The British Columbia government is considering legal action against the makers of opioid drugs similar to lawsuits governments have launched against tobacco companies.
“Certainly I’m of the opinion that there’s liability, and there should be liability, on the part of certain pharmaceutical actors that have promoted these products,” Attorney General David Eby said. “It’s an option that’s available to us that’s been taken in the past around tobacco and it’s certainly something we’re engaging with.”
At least 22 U.S. states have filed lawsuits against Purdue Pharma LP, the maker of OxyContin and OxyNEO, and at least three more have said they are preparing cases.
One state, Florida, is suing eight other drug makers and distributors as well as Purdue.
Staff in the B.C. Attorney General’s ministry are closely monitoring the U.S. lawsuits, Eby said. “The American cases are moving quite quickly, so we’re watching right now and we’re trying to decide what the best way is, what the most appropriate way is, or if there’s an appropriate way, for B.C. to be involved in this.”
A spokesperson for Purdue Pharma (Canada) provided a statement saying the Canadian company is associated with the U.S. one, but that they are operated independently.
“Purdue Pharma (Canada) has always marketed its products in line with the Health Canada approved product monograph and in compliance with all relevant rules, regulations and codes, including the Food and Drugs Act and the Pharmaceutical Advertising Advisory Board (PAAB) Code,” it said.
Prescription opioids are safe and effective for patients who are appropriately selected and monitored, but come with some risks, including addiction, the statement said. “Unfortunately, misuse and abuse and diversion of pain medications can lead to tragic consequences, including addiction, overdose and death.”
Those risks, common to all prescription opioids, are clearly outlined in the information the company includes in its product monographs and in its discussions with healthcare professionals, it said. “This complex public health issue is a matter of deep concern to Purdue Pharma (Canada). All stakeholders, including the pharmaceutical industry, have a role to play in providing practical and sustainable solutions.”
A group of doctors and academics associated with several Canadian universities has been urging the federal and provincial governments to launch a criminal investigation into the marketing of opioids in Canada and to use any funds recovered from opioid manufacturers to compensate victims.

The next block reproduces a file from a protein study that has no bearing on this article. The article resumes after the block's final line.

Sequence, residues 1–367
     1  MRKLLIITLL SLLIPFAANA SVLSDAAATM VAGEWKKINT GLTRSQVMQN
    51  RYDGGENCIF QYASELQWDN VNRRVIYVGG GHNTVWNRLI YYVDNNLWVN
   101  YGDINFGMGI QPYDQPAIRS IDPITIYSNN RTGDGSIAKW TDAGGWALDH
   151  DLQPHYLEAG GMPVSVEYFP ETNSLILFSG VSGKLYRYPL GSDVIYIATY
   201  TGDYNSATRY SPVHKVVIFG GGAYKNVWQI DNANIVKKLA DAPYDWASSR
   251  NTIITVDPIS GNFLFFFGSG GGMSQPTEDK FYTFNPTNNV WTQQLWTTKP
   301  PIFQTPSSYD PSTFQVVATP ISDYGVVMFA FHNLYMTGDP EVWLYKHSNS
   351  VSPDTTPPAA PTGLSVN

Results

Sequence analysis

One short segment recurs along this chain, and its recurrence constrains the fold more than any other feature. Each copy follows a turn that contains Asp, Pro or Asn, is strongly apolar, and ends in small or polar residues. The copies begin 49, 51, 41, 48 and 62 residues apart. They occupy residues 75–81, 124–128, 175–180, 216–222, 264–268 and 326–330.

“We haven’t heard anything substantial from any level of government,” said Joel Lexchin, a Toronto emergency room physician who signed the letter, in an interview earlier this month.
After hearing about Eby’s comments, Lexchin said he was “mildly encouraged” but would like to hear a solid plan for action with a timeline.
Speaking earlier in the month, Lexchin said, “We think the provincial governments should be going after Purdue and the other companies that marketed opioids to recover the costs.”
Public drug plans paid for opioids that were inappropriately prescribed and governments paid to treat people who became addicted, he said.
There are reasonable times to prescribe an opioid, said Lexchin who previously taught health policy at York University. They are useful for treating acute pain such as for a kidney stone or a broken limb, where people will take them for a week or less. It’s also reasonable to prescribe them to someone with terminal cancer, he said.
Purdue, however, pushed to have its product more widely used despite the risk involved, Lexchin said. “Purdue, when it started to produce OxyContin, aggressively marketed it for all kinds of pain. Chronic non-cancer pain, acute pain, and the number of prescriptions for opioids went up quite dramatically, at least in Ontario where I’ve seen the data.”
In Canada, the company paid doctors to give talks, placed journal advertisements that were misleading and distributed textbooks on pain management that it had produced, he said.
“The drug companies make money through volume of sales and it’s in their interests to present the drug that they’re making in the most positive light, which means hyping up the benefits and minimizing the side effects,” he said.
“Anything that Purdue produces is probably going to have that tendency, which gives students the wrong idea about how to use opioid medications. Purdue’s more interested in my view in more volume of use rather than safer use.”
Some 4,000 Canadians died from opioid related overdoses in 2017, many of them poisoned by illegal drugs laced with fentanyl or carfentanil.
In 2016, B.C.’s provincial health officer declared a state of emergency due to the rise in the number of overdoses and deaths. In March, the most recent for which figures are available, 161 people in the province died of overdoses, the second-highest monthly number on record.
Lexchin said many of the people buying illegal opioids previously received them legally after getting a prescription from a doctor. “You have this situation where first you get people addicted to prescription opioids, and then they transition to the illegal opioids,” he said.
“I think that Purdue clearly downplayed the risks of addiction and from what I’ve read of the literature from the United States, Purdue knew, or if it didn’t know only didn’t know because it closed its eyes, that large numbers of people were becoming addicted.”
Holding companies legally responsible is important, Lexchin said. “I think it sends a message, not just to Purdue but to other companies, that this kind of behaviour will not be tolerated in the future.”
“There’s much more that I think needs to be done specifically around opioids, but taking criminal action hopefully sends a message both to the companies and the general public about what Purdue and others have done.”